What sets the Garmin fenix 3 apart from other higher end GPS sports watches, though, is the depth and breadth of information it can collect and analyse. It’s comprehensive, it’s smart, and it’s quite impressive.
Advanced Data for Serious Athletes
While the average weekend warrior can get by with an ordinary fitness tracker, the Garmin fenix 3 is designed for the more hardcore athlete. It’s an especially amazing device for triathlon training. For swimming, it can record all your metrics like distance, pace, and stroke count; it can identify strokes and provide you with a SWOLF score as well. It can also keep tabs on cycling data, like distance, speed, length, and more.
The Garmin fenix 3 is an outstanding watch for runners. Beyond the standard distance, pace, and time information, the fenix 3, when paired with Garmin’s HRM-Run or HRM-Tri chest strap heart rate monitor, can track running dynamics like cadence, ground contact time, stride length, vertical oscillation, and more. It can also provide your VO2 max estimate, there’s a race predictor and a virtual pacer, and it has a recovery advisor as well. Clearly, if you’re training for a race, whether it’s a long distance run or a full triathlon, the fenix 3 can track your progress and give you everything you need to improve.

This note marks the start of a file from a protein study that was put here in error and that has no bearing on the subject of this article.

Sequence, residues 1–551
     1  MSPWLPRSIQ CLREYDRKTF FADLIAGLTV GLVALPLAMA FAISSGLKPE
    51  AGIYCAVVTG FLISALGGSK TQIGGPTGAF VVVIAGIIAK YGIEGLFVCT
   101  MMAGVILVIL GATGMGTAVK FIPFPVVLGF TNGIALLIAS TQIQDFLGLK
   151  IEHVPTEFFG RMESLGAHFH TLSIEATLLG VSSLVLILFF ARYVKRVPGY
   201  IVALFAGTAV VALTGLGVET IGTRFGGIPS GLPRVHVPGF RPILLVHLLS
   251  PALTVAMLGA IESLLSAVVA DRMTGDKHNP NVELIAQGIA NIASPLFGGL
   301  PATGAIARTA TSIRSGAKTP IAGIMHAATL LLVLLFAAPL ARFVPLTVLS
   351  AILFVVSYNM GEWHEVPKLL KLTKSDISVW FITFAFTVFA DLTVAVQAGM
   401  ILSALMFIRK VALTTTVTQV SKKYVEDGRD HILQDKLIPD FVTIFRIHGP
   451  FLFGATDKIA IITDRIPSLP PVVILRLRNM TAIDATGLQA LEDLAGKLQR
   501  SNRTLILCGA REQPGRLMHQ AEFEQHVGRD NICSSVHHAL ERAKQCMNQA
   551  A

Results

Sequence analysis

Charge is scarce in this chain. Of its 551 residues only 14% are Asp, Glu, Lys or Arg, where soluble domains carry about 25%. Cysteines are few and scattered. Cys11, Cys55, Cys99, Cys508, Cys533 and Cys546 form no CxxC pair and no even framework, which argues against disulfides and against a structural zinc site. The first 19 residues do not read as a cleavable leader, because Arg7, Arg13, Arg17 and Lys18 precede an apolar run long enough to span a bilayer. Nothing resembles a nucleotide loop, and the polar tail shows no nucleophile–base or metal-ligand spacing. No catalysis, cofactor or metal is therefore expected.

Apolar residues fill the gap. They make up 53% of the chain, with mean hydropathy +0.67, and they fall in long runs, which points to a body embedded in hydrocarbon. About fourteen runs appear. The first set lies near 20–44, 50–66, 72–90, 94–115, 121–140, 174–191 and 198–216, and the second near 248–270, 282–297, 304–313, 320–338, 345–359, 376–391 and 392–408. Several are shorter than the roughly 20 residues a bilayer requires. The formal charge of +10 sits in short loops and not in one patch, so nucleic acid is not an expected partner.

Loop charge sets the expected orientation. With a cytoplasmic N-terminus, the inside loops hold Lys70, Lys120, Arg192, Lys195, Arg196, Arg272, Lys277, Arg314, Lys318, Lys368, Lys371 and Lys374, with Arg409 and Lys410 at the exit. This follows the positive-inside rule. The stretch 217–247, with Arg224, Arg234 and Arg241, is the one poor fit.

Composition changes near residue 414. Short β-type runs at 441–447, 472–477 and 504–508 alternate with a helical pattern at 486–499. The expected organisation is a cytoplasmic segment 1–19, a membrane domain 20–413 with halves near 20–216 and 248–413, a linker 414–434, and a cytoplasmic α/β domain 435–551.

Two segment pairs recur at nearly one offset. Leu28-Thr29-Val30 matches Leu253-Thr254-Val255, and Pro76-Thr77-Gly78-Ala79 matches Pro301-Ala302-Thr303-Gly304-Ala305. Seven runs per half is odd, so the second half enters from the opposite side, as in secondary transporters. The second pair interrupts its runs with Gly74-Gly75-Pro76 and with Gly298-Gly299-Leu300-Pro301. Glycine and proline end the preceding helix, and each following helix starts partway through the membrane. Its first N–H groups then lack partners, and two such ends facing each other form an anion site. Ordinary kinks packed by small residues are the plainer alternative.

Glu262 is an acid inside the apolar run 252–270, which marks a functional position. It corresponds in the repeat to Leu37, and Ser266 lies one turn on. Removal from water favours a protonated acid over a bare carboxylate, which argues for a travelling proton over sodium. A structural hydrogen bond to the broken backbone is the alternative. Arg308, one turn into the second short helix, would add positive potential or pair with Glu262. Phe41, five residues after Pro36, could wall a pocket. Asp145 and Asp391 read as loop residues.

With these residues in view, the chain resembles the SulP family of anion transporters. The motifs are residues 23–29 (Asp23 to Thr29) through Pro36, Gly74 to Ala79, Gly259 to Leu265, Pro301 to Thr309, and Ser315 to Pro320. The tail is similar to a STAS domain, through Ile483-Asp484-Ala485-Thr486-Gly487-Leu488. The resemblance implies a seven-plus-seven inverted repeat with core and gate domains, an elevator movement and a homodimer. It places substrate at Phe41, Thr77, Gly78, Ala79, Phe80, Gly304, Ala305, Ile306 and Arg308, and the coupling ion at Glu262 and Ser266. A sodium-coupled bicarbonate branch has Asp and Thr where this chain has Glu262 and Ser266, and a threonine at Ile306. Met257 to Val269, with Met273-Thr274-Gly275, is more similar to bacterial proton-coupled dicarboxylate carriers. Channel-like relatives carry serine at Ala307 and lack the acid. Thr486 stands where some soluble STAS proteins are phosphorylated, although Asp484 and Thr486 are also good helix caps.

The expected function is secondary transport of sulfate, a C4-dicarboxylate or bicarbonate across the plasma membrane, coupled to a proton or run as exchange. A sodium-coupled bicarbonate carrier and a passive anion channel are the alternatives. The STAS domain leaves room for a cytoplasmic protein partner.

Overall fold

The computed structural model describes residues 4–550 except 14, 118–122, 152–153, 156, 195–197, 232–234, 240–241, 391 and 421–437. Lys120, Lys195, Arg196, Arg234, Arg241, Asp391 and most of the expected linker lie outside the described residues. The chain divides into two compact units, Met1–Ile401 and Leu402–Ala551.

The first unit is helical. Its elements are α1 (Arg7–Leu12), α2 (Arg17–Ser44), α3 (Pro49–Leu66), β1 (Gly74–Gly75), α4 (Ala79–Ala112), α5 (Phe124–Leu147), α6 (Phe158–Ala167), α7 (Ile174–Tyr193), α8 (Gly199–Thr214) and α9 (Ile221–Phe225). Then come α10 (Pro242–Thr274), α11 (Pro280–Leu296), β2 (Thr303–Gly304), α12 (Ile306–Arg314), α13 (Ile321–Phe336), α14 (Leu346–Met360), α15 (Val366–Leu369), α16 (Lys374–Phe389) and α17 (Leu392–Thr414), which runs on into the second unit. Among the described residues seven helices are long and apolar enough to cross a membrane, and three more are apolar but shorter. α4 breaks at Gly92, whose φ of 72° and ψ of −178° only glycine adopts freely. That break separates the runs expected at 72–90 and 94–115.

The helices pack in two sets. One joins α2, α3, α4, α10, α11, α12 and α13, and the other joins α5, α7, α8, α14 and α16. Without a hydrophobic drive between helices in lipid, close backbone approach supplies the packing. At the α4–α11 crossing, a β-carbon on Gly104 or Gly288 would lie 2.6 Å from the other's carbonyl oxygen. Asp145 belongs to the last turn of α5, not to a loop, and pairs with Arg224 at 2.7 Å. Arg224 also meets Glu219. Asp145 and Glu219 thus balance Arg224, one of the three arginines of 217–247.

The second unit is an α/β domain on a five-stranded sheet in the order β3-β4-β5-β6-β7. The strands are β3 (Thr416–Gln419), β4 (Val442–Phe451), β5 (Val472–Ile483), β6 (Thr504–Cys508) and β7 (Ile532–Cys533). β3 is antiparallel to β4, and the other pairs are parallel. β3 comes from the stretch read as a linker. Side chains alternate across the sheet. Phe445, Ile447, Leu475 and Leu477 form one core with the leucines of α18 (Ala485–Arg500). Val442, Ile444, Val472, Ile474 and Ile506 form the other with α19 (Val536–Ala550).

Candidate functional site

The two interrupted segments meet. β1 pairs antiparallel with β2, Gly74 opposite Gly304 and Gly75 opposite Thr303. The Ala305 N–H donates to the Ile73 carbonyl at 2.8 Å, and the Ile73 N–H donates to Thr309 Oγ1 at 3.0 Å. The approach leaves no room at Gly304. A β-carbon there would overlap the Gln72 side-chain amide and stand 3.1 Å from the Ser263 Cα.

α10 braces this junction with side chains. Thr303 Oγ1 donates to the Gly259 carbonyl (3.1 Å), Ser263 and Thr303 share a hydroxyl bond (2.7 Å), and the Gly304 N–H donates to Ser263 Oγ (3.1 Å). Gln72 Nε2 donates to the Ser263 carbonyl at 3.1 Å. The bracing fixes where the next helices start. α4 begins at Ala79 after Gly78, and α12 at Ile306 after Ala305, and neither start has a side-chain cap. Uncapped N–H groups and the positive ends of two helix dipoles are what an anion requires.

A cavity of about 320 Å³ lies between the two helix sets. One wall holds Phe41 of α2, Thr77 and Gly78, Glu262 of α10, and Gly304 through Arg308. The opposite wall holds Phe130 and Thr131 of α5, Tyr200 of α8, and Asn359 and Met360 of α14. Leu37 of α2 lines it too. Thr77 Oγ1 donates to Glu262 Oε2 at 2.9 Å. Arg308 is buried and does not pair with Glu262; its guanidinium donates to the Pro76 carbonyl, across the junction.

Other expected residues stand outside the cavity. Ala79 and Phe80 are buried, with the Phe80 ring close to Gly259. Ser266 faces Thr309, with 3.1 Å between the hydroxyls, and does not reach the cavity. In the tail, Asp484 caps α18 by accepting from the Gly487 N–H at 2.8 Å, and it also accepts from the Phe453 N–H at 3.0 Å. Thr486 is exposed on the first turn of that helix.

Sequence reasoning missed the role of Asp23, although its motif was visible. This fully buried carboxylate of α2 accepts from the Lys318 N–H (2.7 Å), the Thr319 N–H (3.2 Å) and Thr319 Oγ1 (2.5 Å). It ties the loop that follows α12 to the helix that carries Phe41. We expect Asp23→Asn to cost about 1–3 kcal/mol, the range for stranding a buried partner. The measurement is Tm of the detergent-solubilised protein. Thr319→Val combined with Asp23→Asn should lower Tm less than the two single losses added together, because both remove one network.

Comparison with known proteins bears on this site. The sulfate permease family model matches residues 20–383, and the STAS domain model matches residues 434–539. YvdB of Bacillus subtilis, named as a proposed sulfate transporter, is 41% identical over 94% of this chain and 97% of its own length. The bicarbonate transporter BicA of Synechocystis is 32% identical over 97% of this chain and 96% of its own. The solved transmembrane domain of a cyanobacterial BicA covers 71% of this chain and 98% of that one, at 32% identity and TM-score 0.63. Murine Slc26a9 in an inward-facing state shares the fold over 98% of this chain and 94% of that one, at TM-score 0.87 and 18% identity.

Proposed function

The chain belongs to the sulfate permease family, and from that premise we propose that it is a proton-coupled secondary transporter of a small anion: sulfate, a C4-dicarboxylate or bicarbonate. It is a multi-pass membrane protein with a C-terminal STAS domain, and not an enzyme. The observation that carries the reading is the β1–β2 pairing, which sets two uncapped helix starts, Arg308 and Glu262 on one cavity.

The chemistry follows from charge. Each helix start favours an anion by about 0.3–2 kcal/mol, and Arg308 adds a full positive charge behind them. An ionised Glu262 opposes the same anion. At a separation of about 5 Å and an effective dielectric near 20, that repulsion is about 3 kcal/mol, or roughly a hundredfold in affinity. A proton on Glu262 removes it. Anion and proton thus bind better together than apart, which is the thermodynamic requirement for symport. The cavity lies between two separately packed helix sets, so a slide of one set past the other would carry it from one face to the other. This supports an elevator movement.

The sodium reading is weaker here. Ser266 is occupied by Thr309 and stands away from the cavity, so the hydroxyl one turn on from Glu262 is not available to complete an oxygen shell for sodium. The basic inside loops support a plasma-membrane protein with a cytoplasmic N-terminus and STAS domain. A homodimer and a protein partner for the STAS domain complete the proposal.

There are some smart and customisable features on the Garmin fenix 3 that not only make it feel like an advanced training device — they make it feel like your advanced training device. For starters, it can deliver smart notifications from your synced smartphone. There are also music controls, you can use it with a VIRB action camera, it syncs with all of your social media profiles, and you can answer or decline phone calls right from your wrist. (It should be noted, however, that you can’t actually take the call from your wrist; this isn’t a full blown smartwatch.)
Using the Garmin Connect web tool, you can create online courses for running, hiking, cycling, or any outdoor activity. The course can then be transferred to the fenix 3, and as you’re going along, you can check the watch to ensure that you’re following the right path. It’s a great way to plan out your distance ahead of time, and it’s also pretty solid insurance against getting lost.
Finally, Garmin has over 70 compatible apps and widgets on its Connect IQ store. There’s everything from watch faces to mapping tools to third party connectivity facilitators. All of these can be downloaded onto the fenix 3, and while the watch has just 32MB of onboard storage, these aren’t especially large apps.
All Day Tracking